Man caught driving with severed head could be a 'hapless car thief'

Man caught driving around Las Vegas with a severed head was ‘just an unlucky car thief’, his lawyer claims – but police insist he KNEW his victim

  • Eric Holland, 57, is on trial for murder after police found the dismembered body of his acquaintance, Richard Miller, 65, in the car he was driving 
  • Holland was wanted on auto embezzlement and theft charges, and evaded police when he was first pulled over
  • He switched from one stolen car to another, a 2007 Chevrolet Avalanche
  • After he was arrested, police inventoried of the stolen cars before impounding them – and found Miller’s body split between several taped-shut coolers 
  •  Holland’s public defender argued on Tuesday that his client may have been ‘a hapless car thief who just picked the wrong car’
  • But police found receipts for  power saw, construction-grade plastic bags and heavy-duty tape on his person
  • He was also found with three handguns on his person, one of which matched the bullets found in Miller’s corpse 

Eric Holland, 57, was arrested after evading police in a stolen car on December 23. When the car was inventoried, police discovered the disembodied corpse of Richard P. Miller, 65, who they say was Holland’s acquaintance

A Las Vegas man found with an acquaintance’s severed head and body in his car, may just have been ‘a hapless car thief who just picked the wrong car,’ his lawyer said Tuesday. 

Eric Holland, 57, was found with three handguns and taped-up coolers with the body parts inside  when he was stopped on December 23.

The head and body parts were found to belong to 65-year-old Richard P. Miller – an acquaintance of Holland, according to Las Vegas Metropolitan Police, although they did not detail how they knew each other. 

Prosecutor Giancarlo Pesci, who showed pictures of Miller’s severed head in at the Regional Justice Center in Las Vegas at a January 4 bail hearing, and said that Holland was found with receipts for a power saw, construction-grade plastic bags and heavy-duty tape found on Holland’s person after he was arrested on December 23.  

Detective Tate Sanborn testified in court that the home improvement store where the receipts were printed had surveillance footage showing a person who looked like Holland buying the saw and other items. 

Bullets from at least one of the three guns from his car were found in Miller’s head and body –  the Clark County Coroner said Miller died on the day Holland was arrested from multiple gunshot wounds, ruling the case a homicide. 

Holland was wanted on charges of using another person’s ID, auto embezzlement of more than $3,500, intent to use a false check and theft of more than $3,500 when he was stopped by Metropolitan Police near the Rio All-Suite Hotel and Casino at around 3.42pm on December 23, according to the Las Vegas Review-Journal. 

He evaded police and hopped from a 2018 Toyota Tundra into a second car, a 2007 Chevrolet Avalanche – after a drawn-out chase he was arrested, police searched the two vehicles after learning they were both stolen. 

Miller’s remains were found taped into coolers in the bed of the truck.

‘[An] officer opened up one of the ice chests and discovered a human head inside that ice chest,’ Metro homicide Lt. Ray Spencer told KLAS. 

‘I mean, you can imagine the horror when you open up an ice chest and you find a human head inside.’ 

Holland is pictured in court on December 28. Receipts for power tools and three firearms were found on his person – the bullets found in victim Richard P. Miller’s body matched at least one of the guns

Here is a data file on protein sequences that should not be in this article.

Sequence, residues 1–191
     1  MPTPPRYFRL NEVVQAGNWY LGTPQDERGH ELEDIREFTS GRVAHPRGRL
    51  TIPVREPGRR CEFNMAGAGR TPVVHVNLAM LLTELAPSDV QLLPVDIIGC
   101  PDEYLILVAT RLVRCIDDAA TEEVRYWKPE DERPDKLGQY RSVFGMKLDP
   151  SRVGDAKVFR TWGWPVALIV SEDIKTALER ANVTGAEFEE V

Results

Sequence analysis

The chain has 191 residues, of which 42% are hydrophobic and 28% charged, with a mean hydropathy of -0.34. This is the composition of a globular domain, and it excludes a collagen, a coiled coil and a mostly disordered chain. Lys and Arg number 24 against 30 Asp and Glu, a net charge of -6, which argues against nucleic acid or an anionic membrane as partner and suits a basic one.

Holland’s public attorney, David Westbrook, argued at the bail hearing that Holland would never lead police to the second car in the chase if he had committed a murder and that the gruesome evidence was inside.  

But Westbrook argued that the prosecution would need to prove that the body was in the Avalanche, that Holland was aware of it and that he killed Miller. 

Although he conceded in court that Holland ‘was caught while running from police’ for his outstanding crimes, he told reporters that Holland intends to plead not guilty.

Westbrook told reporters outside the courtroom that prosecutors had not proven Hollan ‘had knowledge of what was in the Avalanche, and that he intentionally led police to the evidence.’

‘Why would he do that?’ the defense attorney asked.

But Judge Harmony Letizia denied Holland bail, saying that the ‘presumption is great that Mr. Holland committed murder,’ and ‘proof is evident’ before scheduling his next court hearing for January 27. 

Holland’s attorney asked Ricardo Auerbach, the police detective who found Miller’s detached head, if he had properly obtained a warrant to search the Avalanche before the discovery was made. 

Auerbach said it was standard to inventory the contents of a stolen car before it is impounded and towed away as evidence, and that he opened the cooler containing the head after he smelled a rotting odor like ‘decay or fish.’

Sanborn said that a more thorough search was held off until a warrant was obtained.

Police caught up to fleeing Holland on the 4200 block of Rochelle Avenue, pictured

Holland was first pulled over by police near the Rio All-Suite Hotel & Casino, pictured

Pesci listed Holland’s long list of convictions, which date back to the 1980’s and spread across the states of Nevada, California and Texas, according to Newsweek.  

His most recent arrest warrant for embezzlement, identity theft, issuing false checks and theft has been out since May 2019. He posted $5,000 bail before failing to return to court. 

In 2000, he was convicted for felony theft charges in Las Vegas, and ended up serving prison time. 

In 1997, Holland was convicted for assault with a deadly weapon and resisting arrest causing substantial bodily harm. 

And in 1991, he was convicted of attempted escape and aiding in an escape.  

Source: Read Full Article